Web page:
Influencer denies faking virus results
An Instagram influencer who sparked public fury for jetting off to an exclusive getaway after testing positive for coronavirus has published a tearful message online.
Manhattan designer Arielle Charnas, who has 1.3 million Instagram followers, was criticised for using her personal connections to obtain a COVID-19 test - something most Americans are unable to do because of chronic shortages.
Charnas was offered a test by emergency medicine specialist Dr Jake Deutsch, who operates the Cure Urgent Care centre on New York's Upper West Side, after tagging him in a post in which she described her symptoms.
On March 18, she informed her Instagram followers the test had come back positive.
A week later, the mother-of-two provoked further outrage by taking her family to the Hamptons - playground of the rich and famous - more than 160 km away, when she was supposed to be self-isolating.
Now Charnas has attempted to set the record straight with a tearful video and an epic, 1300-word statement explaining her actions and apologising "to anyone that I unintentionally harmed in the course of my decision making".
"I am not writing this to make excuses and I am not searching for validation; I want to share the truth behind the story and above all else, express my sincerest remorse," began the statement, posted to Charnas' fashion blog Something Navy.
Charnas went on to deny breaking quarantine, claiming she rode out the required 14-day confinement period with her husband, their two young daughters and "the nanny" in their apartment before going on the trip to the Hamptons.
But she said she had been hurt by the avalanche of criticism directed at her over the past two weeks in media reports and in the comments of her Instagram posts.
Commenters abused her for using privilege to obtain a COVID-19 test, accused her of lying about the results to get attention and even sent her death threats, she said.
"You've likely read stories about my recent life choices in the media and other social channels over the past few weeks. And I get it," she says.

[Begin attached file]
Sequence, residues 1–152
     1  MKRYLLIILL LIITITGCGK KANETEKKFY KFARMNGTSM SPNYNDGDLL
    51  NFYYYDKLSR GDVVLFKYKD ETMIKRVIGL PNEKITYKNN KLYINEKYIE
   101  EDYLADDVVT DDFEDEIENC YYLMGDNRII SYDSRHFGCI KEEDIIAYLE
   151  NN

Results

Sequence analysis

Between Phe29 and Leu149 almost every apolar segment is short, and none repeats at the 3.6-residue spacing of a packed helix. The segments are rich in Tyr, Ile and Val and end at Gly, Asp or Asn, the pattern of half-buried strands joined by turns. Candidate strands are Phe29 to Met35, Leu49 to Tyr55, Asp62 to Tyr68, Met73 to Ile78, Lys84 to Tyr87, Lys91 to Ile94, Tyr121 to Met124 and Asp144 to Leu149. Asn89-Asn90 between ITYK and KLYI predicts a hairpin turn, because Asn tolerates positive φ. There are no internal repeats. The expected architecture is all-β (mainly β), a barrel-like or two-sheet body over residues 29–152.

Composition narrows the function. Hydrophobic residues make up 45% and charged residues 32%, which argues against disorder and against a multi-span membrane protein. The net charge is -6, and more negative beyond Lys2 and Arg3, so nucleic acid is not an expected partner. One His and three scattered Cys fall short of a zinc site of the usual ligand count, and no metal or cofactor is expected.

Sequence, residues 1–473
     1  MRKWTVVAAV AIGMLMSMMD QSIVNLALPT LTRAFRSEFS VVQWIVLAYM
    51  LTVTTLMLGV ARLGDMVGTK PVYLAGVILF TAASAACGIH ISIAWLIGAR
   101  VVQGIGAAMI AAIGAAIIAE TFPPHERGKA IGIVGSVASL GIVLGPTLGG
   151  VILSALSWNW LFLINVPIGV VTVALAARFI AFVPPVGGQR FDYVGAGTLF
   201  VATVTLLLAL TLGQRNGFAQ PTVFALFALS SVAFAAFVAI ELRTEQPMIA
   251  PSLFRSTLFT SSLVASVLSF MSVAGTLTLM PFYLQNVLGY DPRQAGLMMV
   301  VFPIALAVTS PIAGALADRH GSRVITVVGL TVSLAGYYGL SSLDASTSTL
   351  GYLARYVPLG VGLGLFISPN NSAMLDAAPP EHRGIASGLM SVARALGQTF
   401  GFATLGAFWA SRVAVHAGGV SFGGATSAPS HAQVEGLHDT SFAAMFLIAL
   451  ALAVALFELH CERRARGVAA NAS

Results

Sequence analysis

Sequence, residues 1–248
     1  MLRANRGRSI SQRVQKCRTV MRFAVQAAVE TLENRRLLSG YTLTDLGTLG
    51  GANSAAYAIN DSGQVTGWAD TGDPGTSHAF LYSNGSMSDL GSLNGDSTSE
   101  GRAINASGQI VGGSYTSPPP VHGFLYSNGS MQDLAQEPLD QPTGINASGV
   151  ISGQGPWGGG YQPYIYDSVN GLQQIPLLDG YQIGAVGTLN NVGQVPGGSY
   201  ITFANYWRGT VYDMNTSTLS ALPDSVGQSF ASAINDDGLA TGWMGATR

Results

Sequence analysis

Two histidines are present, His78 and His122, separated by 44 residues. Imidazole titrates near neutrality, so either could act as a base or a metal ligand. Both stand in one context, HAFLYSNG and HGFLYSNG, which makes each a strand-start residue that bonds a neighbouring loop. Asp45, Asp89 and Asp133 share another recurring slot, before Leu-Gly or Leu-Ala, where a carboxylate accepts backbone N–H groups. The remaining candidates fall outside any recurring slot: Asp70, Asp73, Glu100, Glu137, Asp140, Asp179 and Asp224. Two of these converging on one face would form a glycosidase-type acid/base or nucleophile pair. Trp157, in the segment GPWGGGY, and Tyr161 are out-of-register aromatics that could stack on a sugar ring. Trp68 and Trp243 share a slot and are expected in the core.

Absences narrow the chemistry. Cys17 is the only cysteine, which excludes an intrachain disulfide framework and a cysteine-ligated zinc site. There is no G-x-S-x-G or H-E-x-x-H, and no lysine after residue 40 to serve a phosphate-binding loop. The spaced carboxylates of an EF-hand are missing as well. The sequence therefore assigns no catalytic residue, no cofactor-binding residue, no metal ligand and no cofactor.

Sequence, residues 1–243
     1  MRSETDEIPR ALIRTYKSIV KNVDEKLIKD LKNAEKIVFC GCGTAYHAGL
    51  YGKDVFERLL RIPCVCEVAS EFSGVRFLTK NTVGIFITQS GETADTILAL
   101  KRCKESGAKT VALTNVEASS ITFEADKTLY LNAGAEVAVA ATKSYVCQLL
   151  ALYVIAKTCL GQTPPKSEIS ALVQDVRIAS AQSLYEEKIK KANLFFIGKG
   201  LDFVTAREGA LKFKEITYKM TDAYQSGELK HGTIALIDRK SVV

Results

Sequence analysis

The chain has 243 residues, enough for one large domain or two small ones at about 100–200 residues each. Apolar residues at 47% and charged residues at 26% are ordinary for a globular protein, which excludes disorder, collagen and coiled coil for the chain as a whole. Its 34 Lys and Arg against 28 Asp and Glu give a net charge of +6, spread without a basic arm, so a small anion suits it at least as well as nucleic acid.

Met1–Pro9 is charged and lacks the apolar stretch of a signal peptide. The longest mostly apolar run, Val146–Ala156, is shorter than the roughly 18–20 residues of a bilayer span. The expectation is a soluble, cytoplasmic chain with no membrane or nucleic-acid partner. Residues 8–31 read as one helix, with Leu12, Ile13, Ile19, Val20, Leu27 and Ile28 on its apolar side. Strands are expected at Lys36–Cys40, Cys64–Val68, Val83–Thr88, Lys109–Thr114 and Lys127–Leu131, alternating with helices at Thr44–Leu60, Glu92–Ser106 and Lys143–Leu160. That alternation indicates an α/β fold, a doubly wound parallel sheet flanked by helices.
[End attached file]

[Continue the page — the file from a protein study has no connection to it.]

"I'm in the public eye and I've built my career on letting people into basically every part of my life. I've always had my critics and I've accepted that. It's part of what I do.
"But this month, the critics' voices have been very loud, hurtful and largely misinformed. I've been accused of falsifying my own test results which is unequivocally untrue.
"I've also been receiving death threats against my entire family including my two young daughters. At this point, all I can do from here is tell you how I came to reach the decisions that are very validly being questioned - decisions that were often made behind the curtain of social media - and why I made them in the best interest of my family and my community."
Not everyone was convinced by the sincerity of Charnas's words, with the influencer copping ridicule on social media and speculation she had "ruined her brand".
Fashion reporter Sophie Ross has described the behaviour of Charnas as "bizarre and dangerous", pointing out the influencer paid a visit to her daughter's preschool classroom days before testing positive, despite having shared concerns about her symptoms online.
Arielle Charnas and her dangerous and bizarre behavior surrounding her COVID-19 diagnosis: A THREAD— Sophie Ross (@SophRossss) March 30, 2020
Others left scathing comments on her website.
"You posting your cute little Instagram COVID19 adventure with your #Volvo #sponsored is beyond TONE DEAF," wrote Melissa.
"You need to seek some professional help for the narcissism you have and the yes people that you surround yourself with."
Natasha said: "LIES LIES LIES!! Ugh you're the worst this is not genuine, you're just trying to salvage your brand and sponsorships. Have you even done a thing to donate or help others? Stop looking for sympathy and just delete your Instagram. No one cares or wants to see you now. People are only looking to see all the drama and offence you've caused."
New York has been the epicentre of coronavirus in the US with more than 1560 deaths and governor Andrew Cuomo pleading with other states and the federal government to lend equipment and supplies.
Originally published as Influencer denies faking virus results